Part I Chapter 1
-Basic Problems of developmental Biology:
• Maintenance of complete genome while cells differentiate
-Main mechanisms of differential gene expression-polarity and cytoplasmic differences; polarity: • Gene expression leads to a difference in cells
• Every cell in body has the same genome
• Gene regulation occurs:
o Polarity and cell division
▪ Uneven egg contents
▪ Environmental factors
o Gene cascades
▪ Cell-cell signaling
-What does development encompass?
• Development begins at fertilization
• Study of the emergence of living order
-What are the basic questions in developmental biology?
1. Question of differentiation-how can identical genetic instructions produce different types of cells? How can single cell generate so many cells? 2. Question of morphogenesis-how can cells in body organize into functional structures? 3. Question of growth-how do cells know to stop dividing? 4. Question of reproduction-how are germ cells set apart from somatic cells? What instructions are in the nucleus and cytoplasm? 5. Question of regeneration-how do stem cells retain regeneration capacity? Can we harness it to cure diseases? 6. Question of evolution-how do changes in development create new body forms? 7. Question of environmental integration-can environmental chemicals disrupt development? How is development of organism integrated into its habitat?
-Some basics: similarity and relatedness of organisms; development of 3 germ layers: • All develop three germ layers:
o Ectoderm- skin, nervous system, brain and nervous system o Endoderm- gut, digestive tract and associated organs, the lungs o Mesoderm- all the rest, kidney blood, heart, gonads, bones, muscles
-History of Embryology-Von Baer’s principles and Haeckel’s misinterpretation; fate mapping and cell lineages: • Von Baer’s Principles:
1. General features appear earlier in development than specialized features 2. Less general characters develop from the more general; until finally the most specialized appear. (originally have same skin, later skin develops) 3. The embryo of a given species instead of passing through the adult stages of lower animals, departs more and more from them. 4. Therefore, the early embryo of a higher animal is never like a lower animal, but only like its early embryo. • Haekel misinterpretated: thought he was talking about recapitulation. (The idea that embryonic development repeats that of one’s ancestors.) o He implied that we go through a fishlike stage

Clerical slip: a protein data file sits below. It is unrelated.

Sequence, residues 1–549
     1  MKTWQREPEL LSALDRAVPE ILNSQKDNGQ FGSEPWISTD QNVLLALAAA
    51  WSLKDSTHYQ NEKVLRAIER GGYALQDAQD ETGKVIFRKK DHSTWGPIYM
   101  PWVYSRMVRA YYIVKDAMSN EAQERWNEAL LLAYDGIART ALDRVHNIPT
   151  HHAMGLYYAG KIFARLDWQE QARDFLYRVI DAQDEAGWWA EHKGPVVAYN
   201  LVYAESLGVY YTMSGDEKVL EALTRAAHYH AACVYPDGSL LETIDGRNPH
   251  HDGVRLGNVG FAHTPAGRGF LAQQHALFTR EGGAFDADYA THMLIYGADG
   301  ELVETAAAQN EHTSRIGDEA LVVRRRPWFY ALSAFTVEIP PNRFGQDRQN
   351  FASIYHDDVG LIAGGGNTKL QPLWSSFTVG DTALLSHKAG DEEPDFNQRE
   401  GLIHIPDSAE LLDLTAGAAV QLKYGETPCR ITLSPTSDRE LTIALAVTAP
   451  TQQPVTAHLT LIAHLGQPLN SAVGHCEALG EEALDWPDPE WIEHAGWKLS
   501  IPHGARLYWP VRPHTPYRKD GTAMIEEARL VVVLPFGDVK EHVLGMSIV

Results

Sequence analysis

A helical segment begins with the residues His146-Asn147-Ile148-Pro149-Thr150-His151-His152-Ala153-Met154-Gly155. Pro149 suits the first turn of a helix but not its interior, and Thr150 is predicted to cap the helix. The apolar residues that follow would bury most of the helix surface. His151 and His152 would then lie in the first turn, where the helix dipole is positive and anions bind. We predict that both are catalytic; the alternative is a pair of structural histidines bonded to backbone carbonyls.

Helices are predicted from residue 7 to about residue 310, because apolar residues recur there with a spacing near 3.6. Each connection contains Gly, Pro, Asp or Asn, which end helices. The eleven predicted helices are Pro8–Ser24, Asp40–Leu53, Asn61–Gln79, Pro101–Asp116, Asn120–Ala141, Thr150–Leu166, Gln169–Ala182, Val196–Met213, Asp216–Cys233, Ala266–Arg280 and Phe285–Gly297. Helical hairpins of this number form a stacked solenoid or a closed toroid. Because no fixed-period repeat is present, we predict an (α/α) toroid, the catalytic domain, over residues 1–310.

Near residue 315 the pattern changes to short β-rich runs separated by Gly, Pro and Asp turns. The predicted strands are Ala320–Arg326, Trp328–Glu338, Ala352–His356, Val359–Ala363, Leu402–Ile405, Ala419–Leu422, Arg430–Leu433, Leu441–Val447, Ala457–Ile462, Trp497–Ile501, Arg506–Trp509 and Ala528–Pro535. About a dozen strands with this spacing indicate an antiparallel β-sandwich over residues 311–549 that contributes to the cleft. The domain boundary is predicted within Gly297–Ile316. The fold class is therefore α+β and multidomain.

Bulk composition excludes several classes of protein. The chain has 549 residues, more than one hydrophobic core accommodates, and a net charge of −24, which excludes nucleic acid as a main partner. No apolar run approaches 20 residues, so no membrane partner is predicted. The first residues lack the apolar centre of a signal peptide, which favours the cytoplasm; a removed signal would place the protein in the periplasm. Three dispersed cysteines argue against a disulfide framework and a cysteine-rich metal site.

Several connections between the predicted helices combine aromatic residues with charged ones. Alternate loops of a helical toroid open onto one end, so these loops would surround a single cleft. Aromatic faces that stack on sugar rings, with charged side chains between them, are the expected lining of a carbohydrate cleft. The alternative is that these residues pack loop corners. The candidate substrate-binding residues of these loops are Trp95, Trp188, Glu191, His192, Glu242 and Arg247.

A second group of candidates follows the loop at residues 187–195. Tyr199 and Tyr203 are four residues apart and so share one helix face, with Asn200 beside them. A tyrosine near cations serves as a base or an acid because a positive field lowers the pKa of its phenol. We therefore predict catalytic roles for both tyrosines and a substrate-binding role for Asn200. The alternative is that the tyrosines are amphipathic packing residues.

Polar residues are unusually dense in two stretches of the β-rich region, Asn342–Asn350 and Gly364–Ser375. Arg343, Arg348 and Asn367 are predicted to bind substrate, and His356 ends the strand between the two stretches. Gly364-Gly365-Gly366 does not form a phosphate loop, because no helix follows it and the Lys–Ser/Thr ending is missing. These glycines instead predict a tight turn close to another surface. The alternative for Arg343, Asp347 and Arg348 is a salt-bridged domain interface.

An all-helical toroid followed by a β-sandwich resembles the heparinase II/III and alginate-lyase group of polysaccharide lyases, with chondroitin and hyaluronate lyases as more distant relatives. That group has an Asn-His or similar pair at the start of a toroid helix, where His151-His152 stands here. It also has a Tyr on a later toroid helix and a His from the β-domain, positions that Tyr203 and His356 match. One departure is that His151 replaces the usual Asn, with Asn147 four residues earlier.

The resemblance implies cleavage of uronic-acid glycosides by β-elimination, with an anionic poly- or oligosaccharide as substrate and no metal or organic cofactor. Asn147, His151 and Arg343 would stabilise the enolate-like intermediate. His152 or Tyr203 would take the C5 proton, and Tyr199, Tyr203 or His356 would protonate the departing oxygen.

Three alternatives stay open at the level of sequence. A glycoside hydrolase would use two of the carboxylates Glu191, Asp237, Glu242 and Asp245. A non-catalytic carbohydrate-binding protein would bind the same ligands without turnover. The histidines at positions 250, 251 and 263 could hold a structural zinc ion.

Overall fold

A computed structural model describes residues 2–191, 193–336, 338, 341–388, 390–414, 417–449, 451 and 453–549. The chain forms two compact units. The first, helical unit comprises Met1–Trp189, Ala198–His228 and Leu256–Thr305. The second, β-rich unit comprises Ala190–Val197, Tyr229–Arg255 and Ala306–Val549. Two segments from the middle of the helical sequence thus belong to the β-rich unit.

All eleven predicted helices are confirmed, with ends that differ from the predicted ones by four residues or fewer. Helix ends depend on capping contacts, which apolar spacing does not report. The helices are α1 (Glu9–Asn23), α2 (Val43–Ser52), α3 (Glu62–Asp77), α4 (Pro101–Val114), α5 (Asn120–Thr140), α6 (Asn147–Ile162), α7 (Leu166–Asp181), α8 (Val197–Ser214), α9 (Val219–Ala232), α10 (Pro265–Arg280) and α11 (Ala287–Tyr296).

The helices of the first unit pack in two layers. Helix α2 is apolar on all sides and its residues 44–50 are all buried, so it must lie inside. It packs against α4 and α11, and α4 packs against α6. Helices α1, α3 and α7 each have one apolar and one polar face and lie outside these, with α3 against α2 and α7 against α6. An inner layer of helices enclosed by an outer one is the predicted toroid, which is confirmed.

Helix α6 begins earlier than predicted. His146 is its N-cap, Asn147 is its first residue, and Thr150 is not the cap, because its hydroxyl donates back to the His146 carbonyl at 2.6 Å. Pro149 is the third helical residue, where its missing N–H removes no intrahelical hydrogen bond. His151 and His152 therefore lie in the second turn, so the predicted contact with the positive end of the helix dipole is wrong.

▪ We don’t
▪ However, development (ontogeny) and evolutionary relationships (phylogeny) are related. • Fate maps and cell lineages:
o Vital dye marking
o Transplantation of labeled cells
o Injection of tracers into cells
o Chimeras (such as chick-quail)
• Some cells are highly migratory
-What are the basic cellular processes (ingression, epiboly, etc)? • Ingression-migration of individual cells form surface into the interior of the embryo. • Invagination-infolding of a region of cells much like the indenting of a rubber ball when poked. • Involution-inturning or inward movement of an expanding outer layer so that it spreads over the internal surface of the remaining external cells. • Delamination-the splitting of one cellular sheet into two more less parallel sheets. • Epiboly-the movement of epithelial sheets that spread as a unit to enclose the deeper layers of the embryo.
-Homology vs Analogy:
• Homology=similarity via common ancestry (wing of a bird, arm of a human) • Analogy=via common function (wing of bird and wing of butterfly)
-Basic stages of development:
1. Fertilization-fusion of sex cells
2. Cleavage-mitotic divisions
3. Gastrulation-blastomre moves and causes changes in position...